“We know where we’re at this year. We’re realistic about our chances in the American League East this year. I think everyone is. But we are mindful of making sure a player gets enough development time and meeting his development goals, whether that’s at Triple-A or even if we’re talking about a guy down in A ball. But also we don’t want guys to stagnate and spend too much time at one level and get sloppy or get discouraged. So all those things come into play.

“But right now we’re in the mode of making decisions for our prospects that are oriented toward their development goals first rather than the goals of the Orioles roster.”

Update: Valaika hit the waiver wire again, but he’s staying in the Orioles organization.

The club announced that Valaika cleared waivers and was outrighted to Triple-A Norfolk. His spot on the 40-man roster goes to infielder Ramón Urías, 25, who has been claimed off waivers after slashing .262/.347/.426 the past two seasons at Triple-A Memphis.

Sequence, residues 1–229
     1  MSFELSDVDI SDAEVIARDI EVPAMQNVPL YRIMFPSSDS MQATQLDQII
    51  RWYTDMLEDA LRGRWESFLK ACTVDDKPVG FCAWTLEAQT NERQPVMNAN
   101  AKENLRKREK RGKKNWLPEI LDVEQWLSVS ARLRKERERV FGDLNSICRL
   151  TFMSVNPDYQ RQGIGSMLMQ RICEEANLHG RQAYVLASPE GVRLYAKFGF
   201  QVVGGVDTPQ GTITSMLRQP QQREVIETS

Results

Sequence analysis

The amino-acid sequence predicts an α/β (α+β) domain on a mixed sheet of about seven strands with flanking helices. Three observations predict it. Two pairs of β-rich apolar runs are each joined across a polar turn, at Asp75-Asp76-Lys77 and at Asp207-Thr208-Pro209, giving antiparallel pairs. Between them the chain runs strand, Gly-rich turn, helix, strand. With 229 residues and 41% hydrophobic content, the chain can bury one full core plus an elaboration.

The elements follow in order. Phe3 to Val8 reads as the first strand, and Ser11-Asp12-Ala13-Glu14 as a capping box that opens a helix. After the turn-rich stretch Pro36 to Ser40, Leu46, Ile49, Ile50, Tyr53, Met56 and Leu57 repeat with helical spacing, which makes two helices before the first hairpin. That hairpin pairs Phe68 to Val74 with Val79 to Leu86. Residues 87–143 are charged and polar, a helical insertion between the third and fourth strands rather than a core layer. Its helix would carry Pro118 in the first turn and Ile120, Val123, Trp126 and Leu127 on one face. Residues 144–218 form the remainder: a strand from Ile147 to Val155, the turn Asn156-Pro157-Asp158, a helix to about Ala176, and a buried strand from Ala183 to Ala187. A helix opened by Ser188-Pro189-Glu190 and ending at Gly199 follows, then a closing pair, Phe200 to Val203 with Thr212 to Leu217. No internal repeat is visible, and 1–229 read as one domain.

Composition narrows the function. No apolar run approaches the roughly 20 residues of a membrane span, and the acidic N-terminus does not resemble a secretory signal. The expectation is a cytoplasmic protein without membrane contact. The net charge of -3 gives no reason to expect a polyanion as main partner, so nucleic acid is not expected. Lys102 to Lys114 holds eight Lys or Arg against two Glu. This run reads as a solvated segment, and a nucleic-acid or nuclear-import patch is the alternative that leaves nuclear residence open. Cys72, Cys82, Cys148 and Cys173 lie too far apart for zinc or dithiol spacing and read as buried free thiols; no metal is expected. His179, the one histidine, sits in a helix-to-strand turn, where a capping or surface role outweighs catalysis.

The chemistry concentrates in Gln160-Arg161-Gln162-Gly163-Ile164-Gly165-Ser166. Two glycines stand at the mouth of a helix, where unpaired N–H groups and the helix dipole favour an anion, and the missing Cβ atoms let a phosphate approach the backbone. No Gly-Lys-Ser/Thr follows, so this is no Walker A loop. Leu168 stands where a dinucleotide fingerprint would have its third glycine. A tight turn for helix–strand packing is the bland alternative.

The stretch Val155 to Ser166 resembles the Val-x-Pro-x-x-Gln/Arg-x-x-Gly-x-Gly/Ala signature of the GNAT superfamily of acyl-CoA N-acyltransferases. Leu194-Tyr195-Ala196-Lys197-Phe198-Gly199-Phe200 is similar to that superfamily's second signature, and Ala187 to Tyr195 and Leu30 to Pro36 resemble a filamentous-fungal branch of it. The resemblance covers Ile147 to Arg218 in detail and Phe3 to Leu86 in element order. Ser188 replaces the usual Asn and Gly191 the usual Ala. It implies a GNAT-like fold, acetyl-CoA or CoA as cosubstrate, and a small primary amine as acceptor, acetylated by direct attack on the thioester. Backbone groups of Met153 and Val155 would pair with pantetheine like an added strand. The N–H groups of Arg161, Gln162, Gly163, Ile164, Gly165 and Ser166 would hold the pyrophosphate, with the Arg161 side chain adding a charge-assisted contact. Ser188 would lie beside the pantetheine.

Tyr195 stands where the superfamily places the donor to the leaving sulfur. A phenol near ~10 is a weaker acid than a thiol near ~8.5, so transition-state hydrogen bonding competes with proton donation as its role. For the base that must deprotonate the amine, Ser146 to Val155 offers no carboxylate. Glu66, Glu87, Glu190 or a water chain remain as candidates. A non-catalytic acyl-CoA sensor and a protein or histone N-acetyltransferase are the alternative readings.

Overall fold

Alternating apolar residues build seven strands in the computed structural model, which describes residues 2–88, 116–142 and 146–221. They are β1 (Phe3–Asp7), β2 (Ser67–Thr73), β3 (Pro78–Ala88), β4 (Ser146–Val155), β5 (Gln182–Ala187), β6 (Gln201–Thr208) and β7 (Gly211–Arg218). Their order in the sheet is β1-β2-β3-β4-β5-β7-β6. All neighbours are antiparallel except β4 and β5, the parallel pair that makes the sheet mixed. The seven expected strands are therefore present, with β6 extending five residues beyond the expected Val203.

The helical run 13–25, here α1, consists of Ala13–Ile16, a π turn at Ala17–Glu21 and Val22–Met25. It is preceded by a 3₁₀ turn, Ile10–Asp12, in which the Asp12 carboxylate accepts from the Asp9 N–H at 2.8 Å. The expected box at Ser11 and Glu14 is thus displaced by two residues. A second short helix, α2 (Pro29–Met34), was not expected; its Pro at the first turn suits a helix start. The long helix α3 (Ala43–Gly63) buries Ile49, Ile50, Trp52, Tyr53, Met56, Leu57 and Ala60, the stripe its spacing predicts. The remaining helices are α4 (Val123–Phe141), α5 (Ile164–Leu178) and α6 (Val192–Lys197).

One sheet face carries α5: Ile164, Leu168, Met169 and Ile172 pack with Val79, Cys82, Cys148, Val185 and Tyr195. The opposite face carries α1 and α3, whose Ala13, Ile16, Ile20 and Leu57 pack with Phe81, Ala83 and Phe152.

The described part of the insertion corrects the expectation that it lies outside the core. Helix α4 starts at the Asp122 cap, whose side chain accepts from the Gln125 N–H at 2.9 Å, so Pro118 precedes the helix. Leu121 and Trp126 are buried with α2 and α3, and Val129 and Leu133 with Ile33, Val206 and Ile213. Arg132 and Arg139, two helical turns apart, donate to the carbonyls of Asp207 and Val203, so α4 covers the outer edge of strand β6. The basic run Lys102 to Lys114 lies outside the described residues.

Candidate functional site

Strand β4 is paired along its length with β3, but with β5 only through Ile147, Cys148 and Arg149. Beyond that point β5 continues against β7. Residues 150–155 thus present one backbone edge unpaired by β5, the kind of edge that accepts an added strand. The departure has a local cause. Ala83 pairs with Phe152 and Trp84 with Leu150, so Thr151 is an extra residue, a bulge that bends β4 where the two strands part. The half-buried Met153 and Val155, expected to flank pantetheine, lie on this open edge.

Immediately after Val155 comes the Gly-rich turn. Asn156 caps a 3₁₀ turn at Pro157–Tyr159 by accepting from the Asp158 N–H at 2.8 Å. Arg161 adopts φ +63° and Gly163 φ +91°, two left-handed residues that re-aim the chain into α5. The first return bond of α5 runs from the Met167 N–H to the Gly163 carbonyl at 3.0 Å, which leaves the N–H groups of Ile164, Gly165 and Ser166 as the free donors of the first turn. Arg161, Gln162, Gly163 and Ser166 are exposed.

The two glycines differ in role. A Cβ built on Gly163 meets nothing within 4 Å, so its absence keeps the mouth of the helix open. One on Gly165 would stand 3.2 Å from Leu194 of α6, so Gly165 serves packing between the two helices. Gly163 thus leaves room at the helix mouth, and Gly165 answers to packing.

The Cardinals designated Urias for assignment on Thursday.

Urías played in Mexico for five years before signing with the Cardinals prior to the 2018 season. He’s going to be tossed into the utility competition in camp based on his experience at all four infield positions and in left field.

The camp roster has swelled to 67 players.

The Orioles claimed Valaika off waivers from the Rockies on Oct. 30, lost him to the Diamondbacks and claimed him again on Jan. 30.

Other utility candidates include Richard Ureña, Dilson Herrera, Stevie Wilkerson, Rondón and Richie Martin.

Also, catcher Martin Cervenka was in camp this morning.

blog comments powered by Disqus